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MPCC bids farewell to its first area presidentTell North Platte what you think
 
Photo by 
Bill Hasenauer

Mid-Plains Community College is mourning the loss of Dr. William “Bill” Hasemeyer, who died Saturday at the age of 88.

Hasemeyer was the first area president of MPCC. He spent 42 years in the field of education.

He said he was pushed into it.

After teaching high school in western Nebraska, he became a high school principal, starting at Sutherland High School in 1956.

He joined the North Platte Junior College in 1967, accepting an offer to become the dean of instruction.

 

College dean

“I was the third dean in three years,” Hasemeyer said in a 2015 interview. “We really had to hustle to get students. Junior colleges had a stigma that the only people who went there were people who couldn’t make it anywhere else, which wasn’t true. As a result, we had to work very hard on getting students to come to the college.”

Program development and the recruitment of skilled faculty was another focus, as well as the creation of transferable classes.

“He was on top of everything,” said Nadyne Crumly, speech/human relations instructor. “He was always trying to learn and improve and grow the college, but most importantly, he was a really good person. Bill was genuinely interested in those of us who worked at the college. He was one of the friendliest and most caring people I have ever met.”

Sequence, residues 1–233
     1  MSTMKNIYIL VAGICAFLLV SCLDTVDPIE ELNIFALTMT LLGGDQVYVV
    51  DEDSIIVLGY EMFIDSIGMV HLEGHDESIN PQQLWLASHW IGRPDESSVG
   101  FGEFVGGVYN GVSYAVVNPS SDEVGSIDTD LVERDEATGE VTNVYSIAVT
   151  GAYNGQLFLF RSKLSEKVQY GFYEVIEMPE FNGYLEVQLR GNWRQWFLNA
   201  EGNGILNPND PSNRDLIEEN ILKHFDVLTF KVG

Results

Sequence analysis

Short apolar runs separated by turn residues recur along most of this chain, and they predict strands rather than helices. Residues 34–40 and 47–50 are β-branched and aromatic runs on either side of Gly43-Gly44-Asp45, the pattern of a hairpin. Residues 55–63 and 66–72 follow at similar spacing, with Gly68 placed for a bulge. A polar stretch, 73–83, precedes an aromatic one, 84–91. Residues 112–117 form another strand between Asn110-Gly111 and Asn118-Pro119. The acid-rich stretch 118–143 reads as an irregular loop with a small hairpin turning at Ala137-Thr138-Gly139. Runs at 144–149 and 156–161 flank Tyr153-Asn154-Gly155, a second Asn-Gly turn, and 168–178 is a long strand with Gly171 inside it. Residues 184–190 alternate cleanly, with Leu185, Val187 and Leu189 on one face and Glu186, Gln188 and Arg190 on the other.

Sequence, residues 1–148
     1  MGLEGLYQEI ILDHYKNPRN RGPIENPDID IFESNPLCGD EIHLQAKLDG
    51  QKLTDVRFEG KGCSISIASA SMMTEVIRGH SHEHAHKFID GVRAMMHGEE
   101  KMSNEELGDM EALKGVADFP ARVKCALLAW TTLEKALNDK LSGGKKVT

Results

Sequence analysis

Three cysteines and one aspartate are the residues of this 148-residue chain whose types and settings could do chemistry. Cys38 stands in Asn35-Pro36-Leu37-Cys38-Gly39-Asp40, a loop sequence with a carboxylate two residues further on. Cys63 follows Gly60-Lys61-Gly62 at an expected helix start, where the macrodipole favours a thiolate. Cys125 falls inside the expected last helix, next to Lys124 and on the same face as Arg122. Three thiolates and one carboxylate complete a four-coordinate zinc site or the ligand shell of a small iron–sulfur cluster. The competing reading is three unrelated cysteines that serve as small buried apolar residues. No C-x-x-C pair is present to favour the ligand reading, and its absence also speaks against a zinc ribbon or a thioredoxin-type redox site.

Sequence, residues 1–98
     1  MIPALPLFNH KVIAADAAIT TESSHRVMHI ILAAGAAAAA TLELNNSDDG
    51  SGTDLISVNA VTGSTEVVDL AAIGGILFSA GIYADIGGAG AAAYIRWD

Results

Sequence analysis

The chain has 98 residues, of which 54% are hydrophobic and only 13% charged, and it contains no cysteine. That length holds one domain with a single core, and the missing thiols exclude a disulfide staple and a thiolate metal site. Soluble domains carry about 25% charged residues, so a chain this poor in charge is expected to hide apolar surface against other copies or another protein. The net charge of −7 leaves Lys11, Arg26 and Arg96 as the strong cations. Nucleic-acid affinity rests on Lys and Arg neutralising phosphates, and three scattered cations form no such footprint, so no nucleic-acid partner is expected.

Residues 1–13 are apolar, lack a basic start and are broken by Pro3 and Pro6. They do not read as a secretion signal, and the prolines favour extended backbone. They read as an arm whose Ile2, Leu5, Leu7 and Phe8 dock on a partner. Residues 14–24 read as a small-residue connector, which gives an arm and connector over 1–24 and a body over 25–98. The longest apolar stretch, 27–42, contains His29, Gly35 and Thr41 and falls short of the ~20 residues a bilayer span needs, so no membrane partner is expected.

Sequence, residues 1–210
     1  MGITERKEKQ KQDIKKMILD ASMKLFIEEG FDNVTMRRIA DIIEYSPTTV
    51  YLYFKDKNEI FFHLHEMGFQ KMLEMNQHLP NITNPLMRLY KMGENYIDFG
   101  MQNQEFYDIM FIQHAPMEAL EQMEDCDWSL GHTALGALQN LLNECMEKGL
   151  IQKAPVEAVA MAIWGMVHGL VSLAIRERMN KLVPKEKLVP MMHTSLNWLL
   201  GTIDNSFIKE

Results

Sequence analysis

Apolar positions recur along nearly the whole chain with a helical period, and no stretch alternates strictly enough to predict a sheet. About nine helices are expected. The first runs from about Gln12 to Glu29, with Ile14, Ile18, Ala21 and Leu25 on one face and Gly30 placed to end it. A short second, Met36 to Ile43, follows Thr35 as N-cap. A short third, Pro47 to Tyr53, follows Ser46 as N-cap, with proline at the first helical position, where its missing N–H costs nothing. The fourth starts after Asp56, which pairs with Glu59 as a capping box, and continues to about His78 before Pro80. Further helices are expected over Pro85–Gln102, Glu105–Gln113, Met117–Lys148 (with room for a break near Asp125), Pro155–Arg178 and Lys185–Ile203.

Sharon Brown, accounts payable specialist, and Ron Axtell, director of physical resources, had similar memories of Hasemeyer.

“He treated all of us like family,” said Brown. “He was encouraging to all who were around him, and it was important to him that we were successful.” 

At one point in his career, Axtell reported directly to Hasemeyer.

“I remember him as easy to work with,” said Axtell. “I always felt like he had the college’s best interest at heart.”

Hasemeyer didn’t just win fans among his employees, however. The students liked him so much that they dedicated the 1968-69 annual to him.

“He has done so much for every student in the North Platte Junior College, not only with his smile, but also with his overabundant understanding and constant concern for every student’s welfare,” the dedication reads. “From opening the student lounge to personal counseling, William Hasemeyer has been a pal to us all.”

 

College president

Hasemeyer was named the college’s president in 1971. In 1973, the Nebraska Legislature passed legislation combining the junior colleges in the state with the vocational technical colleges.

Hasemeyer was subsequently elected president of the Mid-Plains Technical Community College Area. Later, his title was changed to chancellor of the Area.

It was a big job figuring out how to combine the McCook Junior College, the North Platte Junior College and the Mid-Plains Vocational Technical School, which was also located in North Platte.

“That took a lot of time,” said Hasemeyer, “We only had six people in administration, plus our faculty working on it. All three colleges had different insurances, salaries -- everything was different, and no one wanted to change.”